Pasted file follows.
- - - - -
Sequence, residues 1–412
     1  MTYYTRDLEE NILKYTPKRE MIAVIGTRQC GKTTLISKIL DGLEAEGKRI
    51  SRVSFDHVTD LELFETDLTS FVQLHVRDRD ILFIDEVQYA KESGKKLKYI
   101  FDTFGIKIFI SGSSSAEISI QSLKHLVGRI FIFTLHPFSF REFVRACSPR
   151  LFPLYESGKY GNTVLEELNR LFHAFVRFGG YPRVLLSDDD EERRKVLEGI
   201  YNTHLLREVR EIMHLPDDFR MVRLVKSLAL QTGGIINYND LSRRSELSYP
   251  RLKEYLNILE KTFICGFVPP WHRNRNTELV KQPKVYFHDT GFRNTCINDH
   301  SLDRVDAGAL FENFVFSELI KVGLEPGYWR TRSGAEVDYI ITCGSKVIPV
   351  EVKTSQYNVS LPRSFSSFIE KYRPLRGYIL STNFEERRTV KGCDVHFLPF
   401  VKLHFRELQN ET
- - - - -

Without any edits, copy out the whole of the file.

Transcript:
Sequence, residues 1–412
     1  MTYYTRDLEE NILKYTPKRE MIAVIGTRQC GKTTLISKIL DGLEAEGKRI
    51  SRVSFDHVTD LELFETDLTS FVQLHVRDRD ILFIDEVQYA KESGKKLKYI
   101  FDTFGIKIFI SGSSSAEISI QSLKHLVGRI FIFTLHPFSF REFVRACSPR
   151  LFPLYESGKY GNTVLEELNR LFHAFVRFGG YPRVLLSDDD EERRKVLEGI
   201  YNTHLLREVR EIMHLPDDFR MVRLVKSLAL QTGGIINYND LSRRSELSYP
   251  RLKEYLNILE KTFICGFVPP WHRNRNTELV KQPKVYFHDT GFRNTCINDH
   301  SLDRVDAGAL FENFVFSELI KVGLEPGYWR TRSGAEVDYI ITCGSKVIPV
   351  EVKTSQYNVS LPRSFSSFIE KYRPLRGYIL STNFEERRTV KGCDVHFLPF
   401  VKLHFRELQN ET